The first American invasion of Normandy was an exciting but peaceful affair that took place nearly a century before the landings of World War II.
Led by James Abbott McNeill Whistler, who was capturing the coasts of Brittany and Normandy on canvas while the Civil War raged at home, American artists roamed Western France in search of light, air, painterly subjects and cheap living.
For half a century the Yanks reveled in the rugged rural landscape, the virtually medieval local costumes and customs and, especially, that cheap living. Villages such as Pont-Aven, Concarneau and Giverny became American art colonies. The brash and pestiferously worshipful American boys all but drove Claude Monet from his home and famous gardens at Giverny, and while he was successfully thwarting the Yankee suitor of his stepdaughter Blanche, another American carried off stepdaughter Suzanne.
And so it went until the eve of the First World War. The flavor of it all is laid out for us in an entrancing exhibition that has been touring the country since last fall and now is making its last stop at the Smithsonian's National Museum of American Art.
Assembled by David Sellin and James K. Ballinger of the Phoenix Art Museum, the exhibition's installation here has been forcefully designed by Georgine Reed to demonstrate the progress of the American infiltration of the countryside, both geographically and stylistically. The order is generally chronological, but where the artists don't fit neatly into rank, Reed has opened cross-galleries, so that paintings from different artists working in different times and places are allowed to resonate with each other. The 113 works by 71 artists are necessarily uneven because the exhibition strives to be representative.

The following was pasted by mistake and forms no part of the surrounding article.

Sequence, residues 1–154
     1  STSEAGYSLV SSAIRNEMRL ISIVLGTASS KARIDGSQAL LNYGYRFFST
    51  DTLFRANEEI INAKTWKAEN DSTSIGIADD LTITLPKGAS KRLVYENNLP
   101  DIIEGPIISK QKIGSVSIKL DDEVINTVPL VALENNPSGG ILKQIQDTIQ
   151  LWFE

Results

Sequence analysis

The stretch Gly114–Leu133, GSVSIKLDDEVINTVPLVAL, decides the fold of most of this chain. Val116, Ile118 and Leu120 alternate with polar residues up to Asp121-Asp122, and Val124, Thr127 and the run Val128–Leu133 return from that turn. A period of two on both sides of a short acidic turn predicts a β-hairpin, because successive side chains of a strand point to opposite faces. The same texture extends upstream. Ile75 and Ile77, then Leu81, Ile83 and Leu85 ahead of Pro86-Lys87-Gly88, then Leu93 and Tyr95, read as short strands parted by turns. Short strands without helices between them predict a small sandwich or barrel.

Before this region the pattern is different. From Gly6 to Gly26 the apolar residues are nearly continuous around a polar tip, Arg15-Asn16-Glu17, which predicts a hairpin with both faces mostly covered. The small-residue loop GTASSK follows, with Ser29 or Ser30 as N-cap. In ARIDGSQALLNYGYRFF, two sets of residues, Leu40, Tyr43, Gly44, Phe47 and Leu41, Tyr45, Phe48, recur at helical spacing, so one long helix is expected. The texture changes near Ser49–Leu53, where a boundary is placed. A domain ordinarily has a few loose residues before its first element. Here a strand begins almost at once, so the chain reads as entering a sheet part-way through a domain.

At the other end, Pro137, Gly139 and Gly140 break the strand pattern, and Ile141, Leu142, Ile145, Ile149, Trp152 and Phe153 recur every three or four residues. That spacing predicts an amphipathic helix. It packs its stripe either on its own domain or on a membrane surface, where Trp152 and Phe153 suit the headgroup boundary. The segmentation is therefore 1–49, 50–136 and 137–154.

It's a show of light, the light that drew the painters. We see Paris-schooled youngsters, emerging from skylit ateliers, first stagger and then exult in the plein air. In a passage from the show's excellent catalogue, Dennis Miller Bunker (1860-1891), describes the impact in a letter to a friend:
In sunlight it is never the same, the shadows which seem to be nearly in the same places when you are not painting them, really move with dreadful swiftness when you are. . . .
Many of the artists dodged from shadow to shadow or ducked back into salons, but eventually most grew bold enough to stand uncovered in the noonday sun, even taking nude models outdoors. From room to room in this show, the colors grow steadily brighter and the styles less studied, until one senses that an explosion is coming. It did come, and when the screams of outrage had died away it was termed Modernism. But that's a different story. AMERICANS IN BRITTANY AND NORMANDY, 1860- 1910 -- Through August 14 at the National Museum of American Art (Gallery Place Station on Metro's Red and Yellow lines). Open 10 to 5:30.